Cruz's story

Cruz's story Kelly shares the story of two year old Cruz's fight with cancer since diagnosis a year ago.

Kelly shares the story of her two year old son Cruz's fight with cancer since his diagnosis a year ago. Here she looks back on all the highs and lows, but mostly she looks forward to the day when no family will have to hear the words, 'your child has cancer'. 

One year ago today we were told Cruz had leukaemia.

I will never forget standing in the emergency room at the hospital trying to understand what the doctor was saying.

All I knew was that leukaemia was cancer and how could our gorgeous little 16-month-old boy have cancer. By that time he was in so much pain he couldn’t walk, his blood count was critically low and he had pneumonia.

Treatment started the very next day. Throughout that first month in hospital I lost track of the number of chemo drugs with names I couldn’t pronounce, blood transfusions and anaesthetics he went through. Our little boy who two weeks earlier had been running around carefree was now so sick.

We finally left hospital, but not for long. We continue to be in and out for admissions and appointments. Neutrophils, transfusions and emergency department have become part of our world now.

He started walking again, then lost all of his hair. The drugs made him sick, steroids made him angry and the ongoing sleepless nights have tested us almost as much as the disease has.

We have held our boy in the operating theatre as he goes to sleep, and after 27 times it still hasn’t gotten easier. We have seen him look so sick we could hardly bare it. And tried to explain why he has a port and why he shouldn’t pull out the nasogastric tube again!

We have watched our little man bravely sit still as they do yet another finger prick – even telling the nurses which type of band aid to use. He knows what every doctor’s instrument is used for and reminds them if they forget to take his temperature or listen to his heart.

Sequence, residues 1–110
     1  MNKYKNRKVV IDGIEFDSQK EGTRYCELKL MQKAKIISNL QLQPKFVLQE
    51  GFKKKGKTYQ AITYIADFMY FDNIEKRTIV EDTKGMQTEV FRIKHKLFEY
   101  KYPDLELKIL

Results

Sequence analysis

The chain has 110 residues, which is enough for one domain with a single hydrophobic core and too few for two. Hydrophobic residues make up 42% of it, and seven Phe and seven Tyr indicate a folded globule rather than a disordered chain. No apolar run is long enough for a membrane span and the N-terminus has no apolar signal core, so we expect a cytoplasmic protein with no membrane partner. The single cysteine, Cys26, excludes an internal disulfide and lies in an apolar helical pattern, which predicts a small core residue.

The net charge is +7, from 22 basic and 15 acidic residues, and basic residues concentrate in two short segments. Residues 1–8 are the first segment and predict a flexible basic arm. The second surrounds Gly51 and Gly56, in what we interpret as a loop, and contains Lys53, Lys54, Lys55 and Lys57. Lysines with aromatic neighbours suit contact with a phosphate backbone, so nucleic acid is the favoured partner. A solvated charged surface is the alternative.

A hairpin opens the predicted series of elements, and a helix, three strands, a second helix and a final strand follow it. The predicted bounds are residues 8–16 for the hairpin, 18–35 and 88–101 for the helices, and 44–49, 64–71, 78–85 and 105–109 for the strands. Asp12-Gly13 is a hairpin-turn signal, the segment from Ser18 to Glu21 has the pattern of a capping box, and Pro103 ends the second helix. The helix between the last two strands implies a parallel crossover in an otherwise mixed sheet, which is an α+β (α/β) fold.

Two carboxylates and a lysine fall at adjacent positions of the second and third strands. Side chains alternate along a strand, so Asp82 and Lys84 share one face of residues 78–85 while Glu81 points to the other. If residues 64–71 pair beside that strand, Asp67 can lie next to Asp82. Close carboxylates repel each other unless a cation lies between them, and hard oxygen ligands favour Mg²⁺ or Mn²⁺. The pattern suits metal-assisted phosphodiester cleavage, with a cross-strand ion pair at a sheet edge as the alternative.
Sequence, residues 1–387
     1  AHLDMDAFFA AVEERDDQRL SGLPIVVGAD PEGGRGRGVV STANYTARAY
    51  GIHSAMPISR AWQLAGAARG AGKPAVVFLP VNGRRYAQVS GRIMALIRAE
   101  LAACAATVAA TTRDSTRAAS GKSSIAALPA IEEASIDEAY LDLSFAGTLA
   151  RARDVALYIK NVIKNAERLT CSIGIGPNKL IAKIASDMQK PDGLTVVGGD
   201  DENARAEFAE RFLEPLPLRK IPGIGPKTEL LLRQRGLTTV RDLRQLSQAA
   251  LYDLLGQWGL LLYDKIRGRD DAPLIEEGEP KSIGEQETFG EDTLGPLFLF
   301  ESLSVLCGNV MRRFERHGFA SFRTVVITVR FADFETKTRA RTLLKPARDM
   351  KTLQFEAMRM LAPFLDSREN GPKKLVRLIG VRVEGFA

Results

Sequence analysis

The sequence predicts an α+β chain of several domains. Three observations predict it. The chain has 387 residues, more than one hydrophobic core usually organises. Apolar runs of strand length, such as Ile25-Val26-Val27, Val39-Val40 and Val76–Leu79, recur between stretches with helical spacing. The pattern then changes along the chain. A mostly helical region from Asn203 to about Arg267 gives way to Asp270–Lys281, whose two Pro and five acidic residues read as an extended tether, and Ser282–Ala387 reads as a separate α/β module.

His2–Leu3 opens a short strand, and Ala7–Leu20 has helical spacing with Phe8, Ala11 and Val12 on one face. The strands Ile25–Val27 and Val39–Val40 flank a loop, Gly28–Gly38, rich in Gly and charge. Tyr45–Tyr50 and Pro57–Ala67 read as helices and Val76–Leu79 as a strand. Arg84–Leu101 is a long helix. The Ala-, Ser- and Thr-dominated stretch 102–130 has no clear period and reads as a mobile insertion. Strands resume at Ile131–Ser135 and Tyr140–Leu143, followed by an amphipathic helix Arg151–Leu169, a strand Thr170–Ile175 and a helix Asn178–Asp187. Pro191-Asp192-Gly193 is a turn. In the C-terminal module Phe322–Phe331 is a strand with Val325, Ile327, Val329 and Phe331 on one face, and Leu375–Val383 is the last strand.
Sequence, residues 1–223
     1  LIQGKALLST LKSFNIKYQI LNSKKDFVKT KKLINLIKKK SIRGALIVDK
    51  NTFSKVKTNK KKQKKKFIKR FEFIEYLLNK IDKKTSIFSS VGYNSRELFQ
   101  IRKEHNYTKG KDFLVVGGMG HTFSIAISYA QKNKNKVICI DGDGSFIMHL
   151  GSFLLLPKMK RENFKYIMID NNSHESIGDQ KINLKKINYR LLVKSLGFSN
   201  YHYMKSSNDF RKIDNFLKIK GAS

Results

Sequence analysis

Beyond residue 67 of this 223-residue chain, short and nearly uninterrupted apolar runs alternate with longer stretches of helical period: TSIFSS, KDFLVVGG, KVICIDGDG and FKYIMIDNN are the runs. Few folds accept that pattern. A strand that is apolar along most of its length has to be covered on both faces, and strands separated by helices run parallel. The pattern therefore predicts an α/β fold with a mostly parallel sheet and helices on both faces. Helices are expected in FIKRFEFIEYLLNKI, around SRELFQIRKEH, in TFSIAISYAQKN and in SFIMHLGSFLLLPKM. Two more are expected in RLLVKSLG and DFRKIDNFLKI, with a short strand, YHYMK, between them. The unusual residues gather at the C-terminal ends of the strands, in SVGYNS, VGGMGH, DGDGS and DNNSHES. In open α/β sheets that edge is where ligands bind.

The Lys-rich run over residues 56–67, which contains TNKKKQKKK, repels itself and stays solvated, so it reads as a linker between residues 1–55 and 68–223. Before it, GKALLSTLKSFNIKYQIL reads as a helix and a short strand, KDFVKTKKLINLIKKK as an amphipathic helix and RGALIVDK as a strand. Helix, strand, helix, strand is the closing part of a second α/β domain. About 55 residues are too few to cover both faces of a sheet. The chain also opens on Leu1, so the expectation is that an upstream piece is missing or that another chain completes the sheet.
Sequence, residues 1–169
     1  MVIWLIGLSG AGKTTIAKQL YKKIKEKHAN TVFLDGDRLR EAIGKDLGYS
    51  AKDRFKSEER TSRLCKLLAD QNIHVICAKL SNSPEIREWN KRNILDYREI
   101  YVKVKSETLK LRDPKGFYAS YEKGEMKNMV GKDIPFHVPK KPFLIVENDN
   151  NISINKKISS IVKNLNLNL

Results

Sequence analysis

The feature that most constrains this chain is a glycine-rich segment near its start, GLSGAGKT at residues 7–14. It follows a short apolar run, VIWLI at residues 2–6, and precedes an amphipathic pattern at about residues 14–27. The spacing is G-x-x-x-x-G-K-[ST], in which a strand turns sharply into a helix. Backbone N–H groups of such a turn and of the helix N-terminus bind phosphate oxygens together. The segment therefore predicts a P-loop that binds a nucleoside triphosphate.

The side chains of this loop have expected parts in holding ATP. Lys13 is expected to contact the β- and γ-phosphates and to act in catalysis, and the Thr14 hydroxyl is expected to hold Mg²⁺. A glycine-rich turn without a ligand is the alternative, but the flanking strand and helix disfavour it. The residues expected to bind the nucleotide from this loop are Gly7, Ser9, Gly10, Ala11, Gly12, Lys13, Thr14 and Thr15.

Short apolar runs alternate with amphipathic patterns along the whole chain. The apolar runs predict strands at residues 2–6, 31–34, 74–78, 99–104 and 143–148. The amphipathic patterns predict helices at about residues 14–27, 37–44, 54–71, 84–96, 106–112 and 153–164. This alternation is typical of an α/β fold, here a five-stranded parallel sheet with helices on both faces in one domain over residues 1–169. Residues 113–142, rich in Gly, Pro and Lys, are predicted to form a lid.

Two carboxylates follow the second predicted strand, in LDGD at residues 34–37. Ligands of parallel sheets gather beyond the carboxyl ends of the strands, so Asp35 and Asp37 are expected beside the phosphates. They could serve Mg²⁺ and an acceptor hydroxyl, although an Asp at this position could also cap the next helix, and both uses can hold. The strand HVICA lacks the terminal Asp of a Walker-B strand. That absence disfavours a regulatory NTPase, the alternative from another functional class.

We have entered a new world were our bathroom cupboard is filled with chemo drugs, hospital visits are common and the seriousness of every cough and sniffle depends on the results of his most recent blood counts.

We have cried a lot. From worry, sadness, frustration and knowing that the treatment we are giving him sometimes seems worse than the disease.

We have spent countless hours in the oncology centre with other parents and kids, some on the same journey, some on different paths - but knowing that any of us would trade places with our children in a heartbeat, if only we could take it all away for them.

I have felt mad that my gorgeous little boy is going through this, and guilty for the time not spent with his sister, and upset at the freedom that is taken away from our family.

But kids have a remarkable way of making you see the positive in things and we have also had some amazing times over the last year.

I have never been so acutely aware of how precious life is and how special every moment we spend with our families are.

I have been stunned at Cruz’s resilience and the way he fights back from every challenge. I have been overwhelmed by the support and kindness of the people around us.

We have found friends in the most unlikely places and have strengthened our best friendships even more.
The end of the first year of treatment feels like a milestone. We're finally making trips to the park and cafes and the footy again. His cheeky smile is coming back and his "happy dance" is contagious. He is a joy to be around and really does deserve the name he's given himself, "Super Cruz".
We still have another two-and-a-half years of treatment to go, but all going well we’ll be having one hell of a party in November 2018 when this can all become a distant memory.

Thank you to all the people who have been on and are continuing to come on this roller-coaster with us. And for anyone fighting this hideous disease and to those supporting others as they fight, let’s look forward to a day when no family ever hears the words “your child has cancer”.

September is Childhood Cancer Awareness month, if you can donate money, your time, or blood please do.

Published with permission from Kelly Kajewski, mother of Cruz (2yrs) and Lucy (3yrs)

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